The United Kingdom is also struggling with a serious shortage of skilled workers, which can be traced back to decades of underinvestment in training and the resignation of EU workers after Brexit.

That messy mix of circumstances means Depher is well on its way to his busiest year since Anderson started in 2017. At the time, he was furious that a minority of traders were ripping off vulnerable people. His passion for fixing the situation has grown every week with the horrors he has seen.

“How are we supposed to make our country fairer when a couple of idiots ask three, four, five times what they should be?” He asks.

“If you want to make 70 percent profit, you’re working for someone with a million pounds in the bank or for a big corporation that can afford it, not someone with a state pension. This bill could make the difference whether you put food on the table or not. “

Hugh Grant donated £ 10,000 to Depher’s GoFundMe

(PA archive)

Anderson is advocating a cap on the amount people in vulnerable groups have to pay for critical businesses like electricity, plumbing, and heating.

Despite rising state pensions and a stroke of luck for some with booming property values, the UK still has one of the highest pension poverty rates in Europe.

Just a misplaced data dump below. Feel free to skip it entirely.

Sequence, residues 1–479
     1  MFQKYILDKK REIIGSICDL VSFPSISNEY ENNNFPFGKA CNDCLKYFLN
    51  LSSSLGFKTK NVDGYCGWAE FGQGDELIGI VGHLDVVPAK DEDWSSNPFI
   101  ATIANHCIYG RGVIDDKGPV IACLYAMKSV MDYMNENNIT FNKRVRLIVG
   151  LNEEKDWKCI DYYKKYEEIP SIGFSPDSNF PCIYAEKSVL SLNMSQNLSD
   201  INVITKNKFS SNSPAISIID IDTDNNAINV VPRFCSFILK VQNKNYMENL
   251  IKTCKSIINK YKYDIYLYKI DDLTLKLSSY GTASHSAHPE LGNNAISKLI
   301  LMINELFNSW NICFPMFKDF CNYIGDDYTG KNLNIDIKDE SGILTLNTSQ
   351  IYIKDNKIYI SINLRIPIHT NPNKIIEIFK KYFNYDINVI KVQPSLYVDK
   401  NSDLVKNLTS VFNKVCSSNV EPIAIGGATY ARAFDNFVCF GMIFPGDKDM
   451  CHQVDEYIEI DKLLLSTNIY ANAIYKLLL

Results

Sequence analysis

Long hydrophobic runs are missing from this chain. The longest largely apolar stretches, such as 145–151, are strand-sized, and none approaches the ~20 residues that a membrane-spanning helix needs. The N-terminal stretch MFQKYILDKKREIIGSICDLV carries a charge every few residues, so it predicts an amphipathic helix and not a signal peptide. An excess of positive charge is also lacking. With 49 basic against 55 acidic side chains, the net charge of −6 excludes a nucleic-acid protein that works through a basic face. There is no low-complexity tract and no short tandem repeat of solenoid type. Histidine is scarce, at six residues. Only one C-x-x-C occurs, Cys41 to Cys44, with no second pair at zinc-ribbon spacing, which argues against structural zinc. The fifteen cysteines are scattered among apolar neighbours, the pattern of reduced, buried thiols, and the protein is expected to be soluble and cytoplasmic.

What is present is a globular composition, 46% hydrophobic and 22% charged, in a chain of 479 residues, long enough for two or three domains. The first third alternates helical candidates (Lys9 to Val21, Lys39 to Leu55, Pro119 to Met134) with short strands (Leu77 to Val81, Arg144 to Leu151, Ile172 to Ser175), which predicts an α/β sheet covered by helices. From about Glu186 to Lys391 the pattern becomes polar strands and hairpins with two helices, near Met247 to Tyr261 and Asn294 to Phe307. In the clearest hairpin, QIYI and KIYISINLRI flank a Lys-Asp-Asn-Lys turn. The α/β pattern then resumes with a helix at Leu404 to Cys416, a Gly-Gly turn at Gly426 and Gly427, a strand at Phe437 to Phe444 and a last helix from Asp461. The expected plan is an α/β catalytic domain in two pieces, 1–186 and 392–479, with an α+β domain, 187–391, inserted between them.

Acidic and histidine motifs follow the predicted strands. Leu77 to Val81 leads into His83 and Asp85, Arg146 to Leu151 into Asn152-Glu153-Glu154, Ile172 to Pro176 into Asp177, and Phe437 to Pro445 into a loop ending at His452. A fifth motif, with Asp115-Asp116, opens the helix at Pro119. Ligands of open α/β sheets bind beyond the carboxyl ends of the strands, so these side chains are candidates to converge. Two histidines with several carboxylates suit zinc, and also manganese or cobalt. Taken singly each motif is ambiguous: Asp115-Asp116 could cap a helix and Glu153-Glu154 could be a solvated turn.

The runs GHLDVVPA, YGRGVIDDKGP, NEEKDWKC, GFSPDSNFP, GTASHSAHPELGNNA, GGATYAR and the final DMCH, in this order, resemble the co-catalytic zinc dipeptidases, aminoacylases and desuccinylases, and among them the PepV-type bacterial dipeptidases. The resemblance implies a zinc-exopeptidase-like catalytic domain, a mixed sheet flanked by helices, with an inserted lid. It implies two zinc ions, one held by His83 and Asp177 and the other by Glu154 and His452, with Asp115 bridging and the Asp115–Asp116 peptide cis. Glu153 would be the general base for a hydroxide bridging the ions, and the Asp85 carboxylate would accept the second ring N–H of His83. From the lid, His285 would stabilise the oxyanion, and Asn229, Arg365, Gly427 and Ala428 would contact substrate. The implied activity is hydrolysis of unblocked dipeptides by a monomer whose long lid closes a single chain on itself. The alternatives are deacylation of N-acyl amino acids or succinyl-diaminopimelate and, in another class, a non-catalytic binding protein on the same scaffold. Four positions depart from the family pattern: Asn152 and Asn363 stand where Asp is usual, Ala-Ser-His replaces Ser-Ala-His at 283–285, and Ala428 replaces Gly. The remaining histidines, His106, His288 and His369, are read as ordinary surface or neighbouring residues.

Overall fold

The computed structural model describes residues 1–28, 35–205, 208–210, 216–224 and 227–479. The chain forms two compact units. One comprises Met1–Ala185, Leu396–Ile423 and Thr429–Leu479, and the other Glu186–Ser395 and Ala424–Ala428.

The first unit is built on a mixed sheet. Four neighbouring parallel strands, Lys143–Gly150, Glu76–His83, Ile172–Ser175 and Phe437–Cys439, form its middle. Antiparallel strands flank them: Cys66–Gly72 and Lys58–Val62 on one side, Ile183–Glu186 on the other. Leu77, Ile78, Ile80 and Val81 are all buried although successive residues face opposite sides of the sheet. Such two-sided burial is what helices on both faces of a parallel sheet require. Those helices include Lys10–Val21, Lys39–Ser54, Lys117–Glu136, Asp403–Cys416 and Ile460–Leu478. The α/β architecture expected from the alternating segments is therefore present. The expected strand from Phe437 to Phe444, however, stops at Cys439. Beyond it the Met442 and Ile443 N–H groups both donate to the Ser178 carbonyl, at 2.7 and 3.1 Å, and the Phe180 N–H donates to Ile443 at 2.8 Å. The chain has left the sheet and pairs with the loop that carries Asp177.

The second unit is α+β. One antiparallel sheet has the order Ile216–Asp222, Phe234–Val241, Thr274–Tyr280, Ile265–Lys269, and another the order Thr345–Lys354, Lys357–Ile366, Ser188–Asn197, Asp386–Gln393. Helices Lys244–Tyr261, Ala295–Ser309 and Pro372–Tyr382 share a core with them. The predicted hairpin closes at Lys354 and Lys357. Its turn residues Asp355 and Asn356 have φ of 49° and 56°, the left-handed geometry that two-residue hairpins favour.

In low-income working-class families, 12 years of wage stagnation have led to an increase in in-work poverty. The UK also has the lowest rates of unemployment benefit and statutory sickness benefit of any OECD country.

Anderson founded Depher from his base in Burnley, Lancashire, as a public benefit not for profit that repaired boilers and central heating for free. He realized almost immediately how urgently the service was needed.

Within a year he had closed his profitable plumbing business to focus entirely on Depher. The services of his engineering team are in greater demand than ever this year.

He remembers dozens of customers telling stories about the people he has helped. The Lancashire family charged £ 6,000 for a bathroom that was left as a “death trap” with exposed cables near running water. Depher ripped the whole thing out and got it neatly done in a matter of days.

Then Depher answered a call from a terminally ill woman with leukemia who was told by a local plumber that they couldn’t fix her boiler for less than £ 2,000. Anderson found another contractor and paid for them to do the job right away and for free.